I worked for a time at a used book seller— not at a bookshop, mind you, but one of those vendors you see listed on Amazon or Abebooks. We’d buy books in bulk, generally from overstocked thrift stores, sort through it all, sell what we could— a small fraction— to readers and sell the rest to paper recycling outfits. The sorting took place on “The Line,” a conveyor-belt system that, as we achieved greater sophistication, looked as though it ought to produce Everlasting Gobstoppers. It was on The Line that I first heard of Gregory Battcock. I must have seen a number of his Dutton Paperback “critical anthologies” before I took note of his name: at the very least, Minimal Art, The New Art, Super Realism, and Breaking the Sound Barrier all passed through. “Who is this guy,” I remember thinking, “some sort of professional anthologizer?” I scoffed at the notion as I pocketed the books.
In addition to the above-named volumes, Gregory Battcock also edited the anthologies Idea Art, New Artists Video, New American Cinema, even New Ideas in Art Education, and, with Robert Nickas, The Art of Performance. Still, he was more than a professional anthologizer, as David Joselit’s September 2012 Artforum essay “Transformer” details. The respected critic was also “a notoriously handsome, sexually voracious bon vivante,” a major figure in a developing queer arts scene, and an associate of Andy Warhol. As this last, he participated in works, appeared in films, and was photographed in his underwear for the cover of Arts Magazine. Not quite the insipid academic hanger-on I’d imagined. Joselit addresses the irony: “Part of the frisson generated by his Arts cover lies in the incongruity of encountering a serious anthologist posing as a queer exhibitionist: We tend to think of gender outlaws as those people who explode canons rather than found them.” He continues, offering a thesis: “What reconciles this apparent contradiction is Battcock’s consistent effort to broaden the circulation or distribution of information in and around art.”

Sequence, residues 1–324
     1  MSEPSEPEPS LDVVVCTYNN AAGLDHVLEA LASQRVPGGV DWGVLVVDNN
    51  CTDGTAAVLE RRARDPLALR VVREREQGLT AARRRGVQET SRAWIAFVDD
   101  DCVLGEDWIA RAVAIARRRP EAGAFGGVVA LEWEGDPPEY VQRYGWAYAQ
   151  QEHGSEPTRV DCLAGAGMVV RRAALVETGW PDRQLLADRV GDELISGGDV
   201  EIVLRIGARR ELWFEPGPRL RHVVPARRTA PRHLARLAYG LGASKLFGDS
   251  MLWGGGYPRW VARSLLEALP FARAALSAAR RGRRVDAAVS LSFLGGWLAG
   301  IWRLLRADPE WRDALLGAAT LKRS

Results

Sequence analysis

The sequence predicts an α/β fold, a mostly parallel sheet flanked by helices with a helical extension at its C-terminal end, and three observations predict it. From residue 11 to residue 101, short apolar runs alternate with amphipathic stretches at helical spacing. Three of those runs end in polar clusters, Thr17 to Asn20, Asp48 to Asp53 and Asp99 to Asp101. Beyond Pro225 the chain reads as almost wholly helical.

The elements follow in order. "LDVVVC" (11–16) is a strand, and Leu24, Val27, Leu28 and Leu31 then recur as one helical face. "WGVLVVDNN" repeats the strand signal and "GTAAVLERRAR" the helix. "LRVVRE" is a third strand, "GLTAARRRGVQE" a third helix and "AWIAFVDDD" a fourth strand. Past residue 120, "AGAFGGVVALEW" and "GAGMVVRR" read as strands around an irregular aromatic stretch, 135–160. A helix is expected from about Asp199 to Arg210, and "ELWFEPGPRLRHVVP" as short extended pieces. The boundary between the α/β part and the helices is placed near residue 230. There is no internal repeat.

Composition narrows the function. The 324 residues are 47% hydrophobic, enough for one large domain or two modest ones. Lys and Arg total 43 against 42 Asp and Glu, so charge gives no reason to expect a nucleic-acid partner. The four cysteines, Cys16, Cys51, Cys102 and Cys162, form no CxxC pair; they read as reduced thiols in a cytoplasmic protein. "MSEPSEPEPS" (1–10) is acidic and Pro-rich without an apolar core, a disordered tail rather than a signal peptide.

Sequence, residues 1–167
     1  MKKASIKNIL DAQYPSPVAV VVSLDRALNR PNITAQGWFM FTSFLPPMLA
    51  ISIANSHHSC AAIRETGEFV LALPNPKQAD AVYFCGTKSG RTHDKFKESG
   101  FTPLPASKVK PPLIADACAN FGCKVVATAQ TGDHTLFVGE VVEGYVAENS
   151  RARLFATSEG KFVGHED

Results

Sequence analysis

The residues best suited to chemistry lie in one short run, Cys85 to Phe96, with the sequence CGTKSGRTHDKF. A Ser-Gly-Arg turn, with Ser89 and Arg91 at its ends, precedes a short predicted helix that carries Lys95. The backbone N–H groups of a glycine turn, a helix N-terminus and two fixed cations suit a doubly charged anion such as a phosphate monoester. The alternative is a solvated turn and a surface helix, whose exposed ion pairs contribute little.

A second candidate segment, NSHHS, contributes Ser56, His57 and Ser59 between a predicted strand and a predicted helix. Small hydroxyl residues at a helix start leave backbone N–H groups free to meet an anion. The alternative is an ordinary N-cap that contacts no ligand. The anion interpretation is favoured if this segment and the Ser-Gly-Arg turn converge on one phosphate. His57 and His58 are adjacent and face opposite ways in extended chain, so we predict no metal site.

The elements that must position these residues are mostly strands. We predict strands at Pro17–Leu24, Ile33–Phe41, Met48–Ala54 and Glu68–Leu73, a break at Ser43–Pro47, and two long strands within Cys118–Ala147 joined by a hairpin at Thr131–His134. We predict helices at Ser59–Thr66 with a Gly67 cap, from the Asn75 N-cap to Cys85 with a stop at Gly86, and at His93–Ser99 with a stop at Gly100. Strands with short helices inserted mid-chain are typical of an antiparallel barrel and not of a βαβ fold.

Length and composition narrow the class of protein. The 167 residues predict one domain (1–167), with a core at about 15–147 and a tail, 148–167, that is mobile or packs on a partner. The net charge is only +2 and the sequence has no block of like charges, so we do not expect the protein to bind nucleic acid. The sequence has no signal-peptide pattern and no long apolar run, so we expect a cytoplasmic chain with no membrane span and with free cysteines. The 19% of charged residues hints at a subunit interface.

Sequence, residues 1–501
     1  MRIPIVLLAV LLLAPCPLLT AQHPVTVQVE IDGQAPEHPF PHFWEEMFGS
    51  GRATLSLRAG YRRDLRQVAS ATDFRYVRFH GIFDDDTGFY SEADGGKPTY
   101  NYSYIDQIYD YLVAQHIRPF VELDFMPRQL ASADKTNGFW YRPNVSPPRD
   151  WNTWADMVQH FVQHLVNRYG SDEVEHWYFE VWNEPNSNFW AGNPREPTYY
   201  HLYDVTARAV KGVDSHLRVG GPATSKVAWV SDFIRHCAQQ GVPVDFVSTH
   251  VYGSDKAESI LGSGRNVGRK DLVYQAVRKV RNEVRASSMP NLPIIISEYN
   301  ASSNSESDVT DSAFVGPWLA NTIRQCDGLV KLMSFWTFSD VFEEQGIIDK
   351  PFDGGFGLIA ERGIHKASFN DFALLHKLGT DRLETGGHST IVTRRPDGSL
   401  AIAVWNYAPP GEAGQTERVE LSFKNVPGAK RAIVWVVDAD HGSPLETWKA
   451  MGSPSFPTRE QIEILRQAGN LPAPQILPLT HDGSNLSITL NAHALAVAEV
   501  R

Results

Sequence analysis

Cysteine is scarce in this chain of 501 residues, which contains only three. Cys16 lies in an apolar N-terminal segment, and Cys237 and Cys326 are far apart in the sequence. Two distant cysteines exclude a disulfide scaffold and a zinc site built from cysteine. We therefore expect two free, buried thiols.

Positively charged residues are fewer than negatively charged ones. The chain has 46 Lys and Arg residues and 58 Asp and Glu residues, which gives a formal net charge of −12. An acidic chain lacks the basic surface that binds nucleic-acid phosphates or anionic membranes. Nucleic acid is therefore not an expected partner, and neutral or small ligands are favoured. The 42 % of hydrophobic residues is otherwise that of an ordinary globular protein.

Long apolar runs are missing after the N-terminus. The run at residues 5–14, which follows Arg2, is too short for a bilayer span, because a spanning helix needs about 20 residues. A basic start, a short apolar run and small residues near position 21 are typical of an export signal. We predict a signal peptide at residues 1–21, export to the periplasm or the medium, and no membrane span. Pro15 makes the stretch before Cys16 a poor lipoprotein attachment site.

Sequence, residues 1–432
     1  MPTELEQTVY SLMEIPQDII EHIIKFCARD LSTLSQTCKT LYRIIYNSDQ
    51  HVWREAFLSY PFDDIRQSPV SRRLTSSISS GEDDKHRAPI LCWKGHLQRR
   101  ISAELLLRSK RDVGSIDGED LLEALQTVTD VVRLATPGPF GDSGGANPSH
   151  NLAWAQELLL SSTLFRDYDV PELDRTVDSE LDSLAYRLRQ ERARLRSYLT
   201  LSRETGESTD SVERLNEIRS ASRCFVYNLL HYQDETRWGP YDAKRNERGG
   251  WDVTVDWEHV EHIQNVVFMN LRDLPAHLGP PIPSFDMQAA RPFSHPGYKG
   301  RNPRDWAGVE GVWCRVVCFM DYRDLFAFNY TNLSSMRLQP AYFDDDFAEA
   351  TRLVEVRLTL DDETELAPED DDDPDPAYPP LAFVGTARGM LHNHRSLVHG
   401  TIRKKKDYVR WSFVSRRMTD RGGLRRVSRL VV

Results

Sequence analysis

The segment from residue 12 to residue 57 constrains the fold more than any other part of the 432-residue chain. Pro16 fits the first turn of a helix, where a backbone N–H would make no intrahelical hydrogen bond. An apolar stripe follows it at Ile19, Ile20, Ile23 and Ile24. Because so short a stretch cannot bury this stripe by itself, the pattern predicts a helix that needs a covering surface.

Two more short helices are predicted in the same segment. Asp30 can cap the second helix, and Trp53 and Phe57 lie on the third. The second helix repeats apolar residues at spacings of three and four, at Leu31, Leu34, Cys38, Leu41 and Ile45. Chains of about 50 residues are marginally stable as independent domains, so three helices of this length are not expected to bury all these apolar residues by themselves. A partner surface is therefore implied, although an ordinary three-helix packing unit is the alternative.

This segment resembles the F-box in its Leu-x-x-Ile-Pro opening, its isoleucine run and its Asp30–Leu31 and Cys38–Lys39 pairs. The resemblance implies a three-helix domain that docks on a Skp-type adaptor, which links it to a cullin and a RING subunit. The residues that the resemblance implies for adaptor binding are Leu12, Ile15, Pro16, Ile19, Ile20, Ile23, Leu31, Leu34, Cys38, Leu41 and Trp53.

As Joselit makes clear, the anthologies aren’t the entirety of what makes Gregory Battcock interesting. But, surely, they constitute his most visible legacy, at least for now. I never adequately explored Super Realism or Breaking the Sound Barrier, and I no longer own those copies. I consult Minimal Art, which is loaded with important writing, every so often. Judging by footnotes and name-checks, others have found his other anthologies very useful indeed.1 The New Art is a bit different. Published in 1966, it’s the earliest of the Dutton Battcock anthologies. Battcock himself doesn’t deploy these terms,2 but, put broadly, the anthology covers the shift from Abstract Expressionism to Pop and Minimalism. Reading the book cover-to-cover, a reader would, I think, have a better sense of the art, and of the debates about art, of the early-to-mid-Sixties. In that sense, it’s a success.3 Still, The New Art‘s scope is probably a tad general, and the subsequent anthologies, each more narrowly defined than this first, seem to render it increasingly irrelevant.